Furthermore, I realized that this will be a great way to engage with customers who don't live near the winery, even better. Although we are still working out all of the costs involved in our at home tasting experience, we wanted to extend this as a gift to our Wine Club with this shipment, so that you could taste the wine in an online presentation with me, without actually having to open the wines that are included in this shipment. Each of the sample bottles is indicated with which wine it is, and we have scheduled an online tasting where we can taste and discuss the wine together. We will be following up with an e-mail to the address we have on file, informing you of the date, but we anticipate it being within two weeks of your shipment.
Outside of this specific Wine Club shipment, our tasting flights and specific wines will be available on our website in the future so you'll have a chance to either taste the wines in the comfort of your own home, share them with a friend somewhere else in the country, or try a wine that you're thinking about buying. I was personally really excited about this change with federal government regulations, and look forward to creative and exciting ways to incorporate this in the future.
Finally, I will be launching a passion project this spring called Viti+Culture that will encapsulate many of the efforts we put into the winery, while also shining a light on other producers, makers, thinkers, and doers. We have converted a small unused room in our Geneva location, into a fully equipped studio where we can record high quality audio and video podcasts. We will also be able to use this room to record additional tasting videos, and informational videos on topics related to wine. The Viti+Culture podcast will feature longform discussions and conversations with leaders from a variety of industries, but ultimately find ways that touch upon the subject of wine. I invite you to subscribe to the podcast on iTunes , on Spotify, or most other major podcast services, and subscribe to our YouTube channel as well, where you'll find a video version of the podcast. You will also have the availability to subscribe to our Substack, which is where all of the written materials related to the podcast will be distributed. You can find this project, and all of the pertinent links, at viticulturepodcast.com. Although the subjects of this podcast will be broad in scope, we will use it as a way to share some of the very special things and people at our winery. In time, you will find interviews with our employees who help make everything possible, and give you a chance to learn more about them as well.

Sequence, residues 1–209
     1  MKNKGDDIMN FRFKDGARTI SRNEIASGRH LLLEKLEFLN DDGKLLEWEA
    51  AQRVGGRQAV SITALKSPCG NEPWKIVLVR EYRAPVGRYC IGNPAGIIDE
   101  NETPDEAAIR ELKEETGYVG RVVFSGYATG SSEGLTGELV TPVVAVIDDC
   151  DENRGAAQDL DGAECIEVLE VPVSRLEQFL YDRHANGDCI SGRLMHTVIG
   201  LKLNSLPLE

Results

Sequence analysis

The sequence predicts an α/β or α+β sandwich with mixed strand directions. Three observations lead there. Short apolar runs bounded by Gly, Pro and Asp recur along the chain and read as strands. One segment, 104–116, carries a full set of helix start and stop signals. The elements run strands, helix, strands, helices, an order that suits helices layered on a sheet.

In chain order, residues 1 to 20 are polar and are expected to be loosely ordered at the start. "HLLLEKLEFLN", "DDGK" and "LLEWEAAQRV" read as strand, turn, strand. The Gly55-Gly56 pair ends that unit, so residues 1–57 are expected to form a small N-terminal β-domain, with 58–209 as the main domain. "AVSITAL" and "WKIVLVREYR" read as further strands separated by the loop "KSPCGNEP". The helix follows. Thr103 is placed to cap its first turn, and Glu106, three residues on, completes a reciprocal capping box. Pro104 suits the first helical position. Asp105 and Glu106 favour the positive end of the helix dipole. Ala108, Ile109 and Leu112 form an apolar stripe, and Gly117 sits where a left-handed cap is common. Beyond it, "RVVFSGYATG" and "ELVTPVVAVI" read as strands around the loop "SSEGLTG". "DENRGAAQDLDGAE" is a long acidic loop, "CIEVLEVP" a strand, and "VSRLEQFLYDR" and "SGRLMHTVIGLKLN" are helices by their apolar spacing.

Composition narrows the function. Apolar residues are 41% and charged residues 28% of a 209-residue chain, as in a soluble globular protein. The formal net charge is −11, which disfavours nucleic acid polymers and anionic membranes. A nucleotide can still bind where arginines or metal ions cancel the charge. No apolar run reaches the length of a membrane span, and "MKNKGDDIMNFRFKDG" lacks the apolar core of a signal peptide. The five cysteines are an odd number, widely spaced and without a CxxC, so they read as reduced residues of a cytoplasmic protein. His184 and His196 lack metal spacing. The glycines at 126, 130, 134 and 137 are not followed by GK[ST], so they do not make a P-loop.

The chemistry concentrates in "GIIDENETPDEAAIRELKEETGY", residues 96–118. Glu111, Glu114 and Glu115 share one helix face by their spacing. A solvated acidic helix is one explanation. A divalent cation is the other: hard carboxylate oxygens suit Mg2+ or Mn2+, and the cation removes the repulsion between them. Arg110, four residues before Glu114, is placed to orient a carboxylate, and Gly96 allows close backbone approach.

If you have any questions about any of the changes or comments about our future, please know that you can always reach out to me. I usually provide my cell phone at the end of these letters, but I'll drop it here as well along with my email address. I'm always interested to hear from you. Cell – 714-317-8842 E-Mail: email@example.com
And now, it's time to talk about some of the wines included in this shipment.
We have provided shipments from the 2018 vintage of Riesling in the past, but they have been the single vineyard expressions from Kashong Glen and Gibson vineyard. I love these wines, and I think they show that even in an extraordinarily difficult vintage like 2018, we were still able to make compelling and delicious wines. If you'll recall, 2018 was difficult because it combined an extraordinary amount of moisture with a very high level of temperatures. The large amount of rain we received meant that the soils were holding a large amount of water as well. This meant that the dew point was elevated so that dew and moisture could form at much higher temperatures than is usual. When that happens we face a tremendous amount of pressure in the vineyards with regard to disease, specifically diseases like mildew and sour rot. It took an incredible amount of effort from our winegrowing partners and our own cellar crew to make sure that only the cleanest fruit was harvested and only the best wines were made. In 2018 we were blessed with an abundance of juice, and managed to keep some of our reasoning juice stable without it fermenting. We were then able to take some of that juice and use an old German method referencing the “sweet reserve,” where we are able to increase the sweetness and decrease the alcohol of a specific wine by adding some of that varietal's juice directly to the final blend. In addition to a variety of fermentation techniques in the cellar, this addition of the sweet reserve to our 2018 Riesling provides an amazing amount of deliciousness, mouthfeel, and balance to a style of Riesling that feels like it comes right from the old world. Based in part on our efforts in the cellar and the nature of the vintage, our 2018 Riesling is a wine which I expect to live an extremely long life based on its slightly elevated levels of residual sugar, its bright acid profile, and it's slightly lower alcohol. It is a little sweeter than many of the vintages of Riesling that I have made in the past, but it doesn't come off as cloying and I think makes a perfect compliment to any spicy dishes that you'll make. Especially on cold days, I love the juxtaposition of a spicy meal with a refreshing white wine to remind me that spring and ultimately summer are not that far away.